When I was a juggler in my teens and twenties I noticed that the other jugglers–yes, we all knew each other–fell into two distinct categories: those who performed and those who practiced. The ones who performed would take even the simplest trick, like juggling three balls, and turn it into a routine. And they would perform that routine whenever they could for friends, at schools or on the streets.
Those who practiced were different. There was always a reason that they were not yet performing. They needed to learn to juggle five clubs first, they needed to be able to “flash” seven balls or they needed to write better jokes. But the truth is those who practiced were just afraid to put themselves out there, afraid to perform.
I started out in the category of those who practiced. I had terrible stage fright. But after years of delays and false starts, I forced myself through enough of my fear to start performing. For two summers, I had an act up at a resort in Maine in which I told jokes and juggled tennis rackets. And I performed on the streets of New York. I wasn’t the best performer but I wasn’t the worst. And the important thing to me is that I was finally doing it.
Lately I have been noticing that many of my colleagues in the preschool space fall into these identical categories. Either they are sharing the work they have–their book, their show, the songs–or they are still practicing. The ones who are practicing always seem to need more time. They need to attend another conference, they need to get that celebrity involved, they need an agent. And often they feel they need to be validated, to be told by an authority figure that they are, in fact, ready to share their work. And sometimes they come to me for that.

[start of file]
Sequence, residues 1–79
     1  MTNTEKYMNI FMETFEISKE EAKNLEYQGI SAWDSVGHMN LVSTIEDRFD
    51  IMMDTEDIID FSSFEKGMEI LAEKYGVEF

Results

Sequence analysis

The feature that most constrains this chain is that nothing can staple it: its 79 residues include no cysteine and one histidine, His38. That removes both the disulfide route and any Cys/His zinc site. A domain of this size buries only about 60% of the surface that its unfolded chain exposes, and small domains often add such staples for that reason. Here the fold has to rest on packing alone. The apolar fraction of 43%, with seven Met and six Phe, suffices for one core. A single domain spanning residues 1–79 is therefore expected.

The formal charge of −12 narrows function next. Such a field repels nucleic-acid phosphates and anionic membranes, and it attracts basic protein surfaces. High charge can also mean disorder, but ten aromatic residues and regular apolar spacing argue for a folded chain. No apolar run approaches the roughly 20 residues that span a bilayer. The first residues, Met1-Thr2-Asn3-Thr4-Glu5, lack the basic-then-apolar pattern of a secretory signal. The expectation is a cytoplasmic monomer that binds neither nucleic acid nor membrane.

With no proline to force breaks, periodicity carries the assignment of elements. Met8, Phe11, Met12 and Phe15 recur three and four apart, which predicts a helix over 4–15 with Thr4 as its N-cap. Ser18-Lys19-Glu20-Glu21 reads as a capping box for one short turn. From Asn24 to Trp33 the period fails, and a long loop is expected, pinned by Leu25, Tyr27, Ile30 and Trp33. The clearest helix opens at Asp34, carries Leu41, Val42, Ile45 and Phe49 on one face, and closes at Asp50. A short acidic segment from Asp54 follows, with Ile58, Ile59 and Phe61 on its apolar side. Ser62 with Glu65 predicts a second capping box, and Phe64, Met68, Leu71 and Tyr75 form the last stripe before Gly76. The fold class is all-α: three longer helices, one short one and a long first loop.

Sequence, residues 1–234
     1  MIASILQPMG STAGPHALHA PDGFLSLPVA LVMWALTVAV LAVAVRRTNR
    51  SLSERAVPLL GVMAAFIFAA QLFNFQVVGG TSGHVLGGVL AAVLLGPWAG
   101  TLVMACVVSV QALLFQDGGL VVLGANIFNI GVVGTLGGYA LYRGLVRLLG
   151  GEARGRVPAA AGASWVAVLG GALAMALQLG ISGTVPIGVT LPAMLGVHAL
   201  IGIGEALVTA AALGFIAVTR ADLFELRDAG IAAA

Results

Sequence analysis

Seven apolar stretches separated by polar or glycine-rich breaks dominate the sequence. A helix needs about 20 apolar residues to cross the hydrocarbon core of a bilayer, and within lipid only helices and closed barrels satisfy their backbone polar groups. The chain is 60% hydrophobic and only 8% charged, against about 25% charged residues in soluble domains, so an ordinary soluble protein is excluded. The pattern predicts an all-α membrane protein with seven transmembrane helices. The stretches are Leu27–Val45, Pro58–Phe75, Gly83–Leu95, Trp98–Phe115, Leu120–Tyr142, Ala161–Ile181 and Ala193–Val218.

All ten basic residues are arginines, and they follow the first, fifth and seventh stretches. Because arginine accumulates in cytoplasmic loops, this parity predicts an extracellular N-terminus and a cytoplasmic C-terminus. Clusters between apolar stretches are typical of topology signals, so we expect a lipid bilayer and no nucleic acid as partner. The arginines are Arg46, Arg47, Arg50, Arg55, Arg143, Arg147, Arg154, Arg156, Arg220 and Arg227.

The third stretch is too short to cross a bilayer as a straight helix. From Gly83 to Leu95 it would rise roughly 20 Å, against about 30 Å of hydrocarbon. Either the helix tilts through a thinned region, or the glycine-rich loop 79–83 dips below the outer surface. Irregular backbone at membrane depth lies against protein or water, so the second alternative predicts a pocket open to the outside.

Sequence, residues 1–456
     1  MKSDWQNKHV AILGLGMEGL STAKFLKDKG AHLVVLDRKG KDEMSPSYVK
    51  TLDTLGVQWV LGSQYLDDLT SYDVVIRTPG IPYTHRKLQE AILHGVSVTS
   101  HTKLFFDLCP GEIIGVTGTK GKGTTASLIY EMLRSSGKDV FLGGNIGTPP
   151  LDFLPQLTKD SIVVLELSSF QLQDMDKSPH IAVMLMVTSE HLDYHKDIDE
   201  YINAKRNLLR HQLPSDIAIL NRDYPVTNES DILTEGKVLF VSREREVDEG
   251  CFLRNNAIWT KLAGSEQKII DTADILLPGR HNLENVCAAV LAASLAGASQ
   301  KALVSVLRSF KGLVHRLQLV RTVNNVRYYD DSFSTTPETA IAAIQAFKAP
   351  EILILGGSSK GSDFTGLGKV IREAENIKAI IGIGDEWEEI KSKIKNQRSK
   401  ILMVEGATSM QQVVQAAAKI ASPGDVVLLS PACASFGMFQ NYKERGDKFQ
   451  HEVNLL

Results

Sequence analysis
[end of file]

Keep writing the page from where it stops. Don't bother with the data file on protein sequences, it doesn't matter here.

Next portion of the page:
Well, for those of you chronic practicers out there, please consider this blog your permission to start performing. Finish what you’re working on and go share that bad boy. There is nothing you can do that will make you feel better.
There have never been more opportunities for new work to connect with audiences than there are right now. And there has never been more of an appetite for new visual styles and ways of telling stories than there are right now. In addition to all the old (and mostly clogged up) broadcast platforms, there are the new wide-open prairies of the Internet, the iPhone and the social networking sites. As Albie Hecht and others have recently pointed out, it is unlikely that the next big hit will come from broadcast TV. It will bubble up from the Internet. Now, that’s exciting.
And this type of distribution doesn’t require 52 episodes, a complex co-production deal or Clorox to sponsor you. You can put your own pilot up on YouTube tomorrow. If you don’t know how, ask your eight-year-old cousin to help you.
I suspect most of you have practiced enough. If anything is holding you back now, I suspect it’s fear. Which is okay. Which is human. Which is why we need courage.
“Long enough have you dream’d contemptible dreams,
Now I wash the gum from your eyes,
You must habit yourself to the dazzle of the light and of
every moment of your life.
Long have you timidly waded holding a plank by the shore,
Now I will you to be a bold swimmer,
To jump off in the midst of the sea, rise again, nod to me,
shout, and laughingly dash with your hair.”
- Walt Whitman
“Song of Myself”